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Title: Thaat  
Author: World Heritage Encyclopedia
Language: English
Subject: Mode (music), Vishnu Narayan Bhatkhande, Double harmonic scale, Malgunji, Kalyani (raga), Khamaj, Bhairavi (Hindustani), Bageshri, Puriya Dhanashree, Abhogi
Publisher: World Heritage Encyclopedia


A thāt (Hindi: ठाट; Marathi: थाट; Bengali: ঠাট; Urdu: ٹھاٹھ‎; also transliterated as thaat) is a mode in northern Indian or Hindustani music.[1] Thāts always have seven different pitches (called swara) and are a basis for the organization and classification of ragas in North Indian classical music.


The modern thāt system was created by Vishnu Narayan Bhatkhande in the early decades of the twentieth century.[2][3] Bhatkhande modeled his system after the Carnatic melakarta classification, devised around 1640 A.D. by the musicologist Venkatamakhin. Bhatkhande visited many of the gharanas (schools) of North Indian classical music, conducting a detailed analysis of Indian raga. His research led him to a system of ten thāts, each named after a prominent raga associated with it. Many correspond to one or other of the European church modes. They are listed here according to their pitches; lower-frequency pitches are represented with lowercase letters and higher-frequency pitches with uppercase letters.

One can arbitrarily designate any pitch as Sa (the tonic) and build the series from there. While all thāts contain seven notes, many ragas (of the audav and shadav type) contain fewer than seven and some use more. A raga need not use every swara in a given thāt; the assignment is made according to whatever notes the raga does contain (but see note 5). The relatively small number of thāts reflects Bhatkhande's compromise between accuracy and efficiency: The degree of fit between a raga and its thāt is balanced with the desire to keep the number of basic thāts small. Ambiguities inevitably arise. For example, Raga Hindol, assigned to Kalyan thāt, uses the notes S G M D N, which are also found in Marwa thāt. Raga Jaijaivanti contains both shuddha nishad and komal nishad (and sometimes both versions of gandhar as well), which by definition corresponds to no thāt. Bhatkande resolved such cases "by an ad hoc consideration, appealing to musical performance practice" (see Ramesh Gangolli's article, cited in note 4 above).[4] Each thāt contains a different combination of altered (vikrt) and natural (shuddha) notes. The flattening or sharpening of pitches always occurs with reference to the interval pattern in Bilawal thāt.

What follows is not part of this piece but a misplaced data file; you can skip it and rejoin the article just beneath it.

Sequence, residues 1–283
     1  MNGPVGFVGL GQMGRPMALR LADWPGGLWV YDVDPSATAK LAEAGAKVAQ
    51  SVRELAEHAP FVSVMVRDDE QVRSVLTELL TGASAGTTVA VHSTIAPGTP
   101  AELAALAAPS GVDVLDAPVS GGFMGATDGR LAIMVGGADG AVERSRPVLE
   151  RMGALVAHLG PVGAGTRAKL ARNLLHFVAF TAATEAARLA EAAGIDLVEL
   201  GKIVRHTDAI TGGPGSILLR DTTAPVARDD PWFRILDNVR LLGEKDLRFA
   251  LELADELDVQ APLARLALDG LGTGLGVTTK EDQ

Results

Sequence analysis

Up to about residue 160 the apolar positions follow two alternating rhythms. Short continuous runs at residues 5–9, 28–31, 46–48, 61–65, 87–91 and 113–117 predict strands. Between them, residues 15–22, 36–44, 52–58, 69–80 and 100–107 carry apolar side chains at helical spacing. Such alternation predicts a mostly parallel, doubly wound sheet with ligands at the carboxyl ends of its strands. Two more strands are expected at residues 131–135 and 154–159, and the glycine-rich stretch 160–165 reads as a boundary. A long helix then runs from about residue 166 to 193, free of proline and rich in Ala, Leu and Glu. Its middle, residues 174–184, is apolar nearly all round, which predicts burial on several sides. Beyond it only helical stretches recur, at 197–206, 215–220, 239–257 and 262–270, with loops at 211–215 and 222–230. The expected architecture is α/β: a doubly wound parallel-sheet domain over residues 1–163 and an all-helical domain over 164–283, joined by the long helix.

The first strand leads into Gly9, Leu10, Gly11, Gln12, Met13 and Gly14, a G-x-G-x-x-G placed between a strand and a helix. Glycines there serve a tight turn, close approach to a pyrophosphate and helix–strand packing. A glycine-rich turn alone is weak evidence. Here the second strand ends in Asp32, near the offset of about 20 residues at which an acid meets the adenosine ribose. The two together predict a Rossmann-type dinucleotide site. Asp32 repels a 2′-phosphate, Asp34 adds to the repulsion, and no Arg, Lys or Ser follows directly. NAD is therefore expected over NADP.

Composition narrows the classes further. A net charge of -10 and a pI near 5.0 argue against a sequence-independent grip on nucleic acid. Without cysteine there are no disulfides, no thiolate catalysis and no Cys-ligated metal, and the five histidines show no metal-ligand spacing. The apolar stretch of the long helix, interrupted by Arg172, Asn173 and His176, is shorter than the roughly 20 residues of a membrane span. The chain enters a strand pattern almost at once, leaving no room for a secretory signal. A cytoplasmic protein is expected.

In effect only heptatonic diatonic scales are called "thāt."[5] Bhatkhande applied the term "thāt" only to scales that fulfill the following rules:

  • A thāt must have seven notes.
  • The notes must be in sequence: Sa Re Ga Ma Pa Dha Ni (whether shuddha or vikrt—both versions of a single note are not allowed).
  • A thāt, unlike a raga, does not have separate ascending and descending lines.
  • A thāt has no emotional quality (which ragas, by definition, do have).

Thāt and time of performance

Ragas are normally ascribed to certain periods of the day and night (See Samay). Narada's Sangita-Makaranda, written sometime between 7th and 11th century, gives warnings to musicians against playing ragas at the incorrect time of day. Traditionally, disastrous consequences are to be expected.[6] Bhatkhande stated that the correct time to play a raga had a relation to its thāt (and to its vadi).



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